Studies for ‘Climate change adaptation’
This key concept relates to the changes to policies, infrastructures, and social attitudes necessary to prepare for and respond to the consequences of climate change (e.g. stormwater management, sustainable transportation, or reducing the urban heat island effect).
Laura Kleerekoper, Tadeo Baldiri Salcedo & Marjolein van Esch
The climate of a city influences the ways in which its outdoor spaces are used. Especially public spaces intended for use by pedestrians and cyclists, such as parks, squares, residential and shopping streets, and foot- and cycle-paths will be used and enjoyed more frequently when they have a comfortable and healthy climate. Due to a predicted global temperature rise, the climate is likely to be more uncomfortable in the Netherlands, especially in summer, when an increase in heat stress is expected. As the phenomenon of urban heat islands (UHI) aggravates heat stresses, the effects will be more severe in urban environments. Since the spatial characteristics of a city influence its climate, urban design can be deployed to mitigate the combined effects of climate change and UHI’s. This paper explores these effects and tries to provide tools for urban design and strategies for implementation. Consequently, the applicability of the design tools is tested in a design for two existing Dutch neighbourhoods.
The research examines the shift from flood-resistant policies and plans to flood resilience. We use a case study of New Orleans since Hurricane Katrina to illustrate this unfolding process and the emergence of a "living with water" approach to green infrastructure. The article highlights the challenges of this shifting policy landscape through the case of the Lafitte Greenway, a green infrastructure project that transformed a three-mile corridor of underutilized public land into a linear park running through flood-prone neighborhoods. Through the experience of creating this greenway, planners in New Orleans learned valuable lessons about US disaster rebuilding policies and how to implement green infrastructure in urban neighborhoods.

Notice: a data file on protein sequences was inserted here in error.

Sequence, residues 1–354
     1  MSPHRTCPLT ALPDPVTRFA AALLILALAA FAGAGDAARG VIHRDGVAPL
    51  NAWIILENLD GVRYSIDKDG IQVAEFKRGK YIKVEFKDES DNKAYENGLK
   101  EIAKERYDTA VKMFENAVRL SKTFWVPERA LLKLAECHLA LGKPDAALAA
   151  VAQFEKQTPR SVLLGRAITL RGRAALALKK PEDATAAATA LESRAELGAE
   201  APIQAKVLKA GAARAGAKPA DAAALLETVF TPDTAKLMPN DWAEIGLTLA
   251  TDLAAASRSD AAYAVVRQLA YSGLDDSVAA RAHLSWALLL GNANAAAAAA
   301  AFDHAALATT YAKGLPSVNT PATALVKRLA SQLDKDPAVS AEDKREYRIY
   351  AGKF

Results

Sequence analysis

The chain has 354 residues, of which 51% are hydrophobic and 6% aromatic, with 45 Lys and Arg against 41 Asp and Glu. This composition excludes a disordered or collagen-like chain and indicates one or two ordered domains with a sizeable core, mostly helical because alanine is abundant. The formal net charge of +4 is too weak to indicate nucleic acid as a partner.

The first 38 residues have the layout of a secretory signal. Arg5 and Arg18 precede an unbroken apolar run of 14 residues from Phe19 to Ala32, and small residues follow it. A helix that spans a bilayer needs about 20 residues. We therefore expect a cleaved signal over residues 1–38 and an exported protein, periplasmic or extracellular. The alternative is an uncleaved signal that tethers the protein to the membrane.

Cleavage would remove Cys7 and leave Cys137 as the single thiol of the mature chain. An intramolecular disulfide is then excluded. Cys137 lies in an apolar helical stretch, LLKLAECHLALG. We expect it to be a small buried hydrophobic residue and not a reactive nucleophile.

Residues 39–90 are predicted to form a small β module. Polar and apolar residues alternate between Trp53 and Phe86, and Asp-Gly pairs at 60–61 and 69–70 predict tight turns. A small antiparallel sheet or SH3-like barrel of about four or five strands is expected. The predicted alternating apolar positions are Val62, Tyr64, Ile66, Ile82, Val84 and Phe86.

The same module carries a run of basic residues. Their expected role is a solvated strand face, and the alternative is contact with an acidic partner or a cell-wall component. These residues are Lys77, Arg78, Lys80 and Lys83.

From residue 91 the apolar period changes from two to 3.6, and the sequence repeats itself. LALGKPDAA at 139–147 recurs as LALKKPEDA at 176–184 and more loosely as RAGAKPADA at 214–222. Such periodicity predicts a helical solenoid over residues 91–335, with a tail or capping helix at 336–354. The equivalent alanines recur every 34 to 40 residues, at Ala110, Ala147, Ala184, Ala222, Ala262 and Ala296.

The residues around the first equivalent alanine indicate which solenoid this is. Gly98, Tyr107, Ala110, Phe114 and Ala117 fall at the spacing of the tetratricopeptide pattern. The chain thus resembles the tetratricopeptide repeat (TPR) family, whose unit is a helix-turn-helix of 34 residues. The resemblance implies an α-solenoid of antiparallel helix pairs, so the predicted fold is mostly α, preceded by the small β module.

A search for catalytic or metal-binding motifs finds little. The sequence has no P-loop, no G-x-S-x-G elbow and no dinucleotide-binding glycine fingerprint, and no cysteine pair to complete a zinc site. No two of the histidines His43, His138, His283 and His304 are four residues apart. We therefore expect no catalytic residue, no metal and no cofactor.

Journal of Urbanism: International Research on Placemaking and Urban Sustainability (2017)
A. Santos Nouri & João Pedro Costa
Today, although most of the international research community considers climate change adaptation to be essential, there is limited knowledge on its concrete integration with contemporary placemaking. Yet, with the emergence of the adaptation agenda, the effects of urban climatology are continually coercing the need for concrete action to increase the climatic responsiveness of urban environments. This article is constructed upon a “Research for Design” approach, and focuses upon improving urban design guidelines by reviewing existing theoretical/empirical research on how pedestrian comfort levels can be addressed through public space design. The objective is to incorporate such qualitative and quantitative interrogations into a generic tool such as the “Place Diagram” by the PPS. A total of six intangible criteria, and six measurable attributes, are explored and structured in order to introduce new generic design considerations which can contribute to the responsiveness of urban outdoor spaces in an era of expected climate variability.
Journal of Architectural and Planning Research (2016)
Mohd Yusof, Mohd Johari, & Rakhshandehroo, Mehdi
As Malaysia's population continues to grow and becomes more concentrated in urban areas, the important benefits of urban green spaces to the environment, the economy, and the health and well-being of city residents become even more significant in counterbalancing some of the negative effects of the country's urban development. With this concern in mind, the authors designed a social survey for urban planners and landscape architects in Kuala Lumpur to identify and study their views on the nature, roles, and benefits of urban green spaces; the problems associated with protecting urban green spaces in Kuala Lumpur; and the attributes of green spaces they thought were most important when considering how much priority a particular green space should be given for preservation. Kuala Lumpur provides a particularly interesting case study as a rapidly growing city in a developing country with a tropical climate - a context in which there has been relatively little research on urban green space, despite the importance of shade in very hot climates. In addition, Kuala Lumpur has experienced a great loss of green space in recent decades, both on its periphery from urban expansion and around the city center from the drive (fueled by economic growth) to use central land more intensively.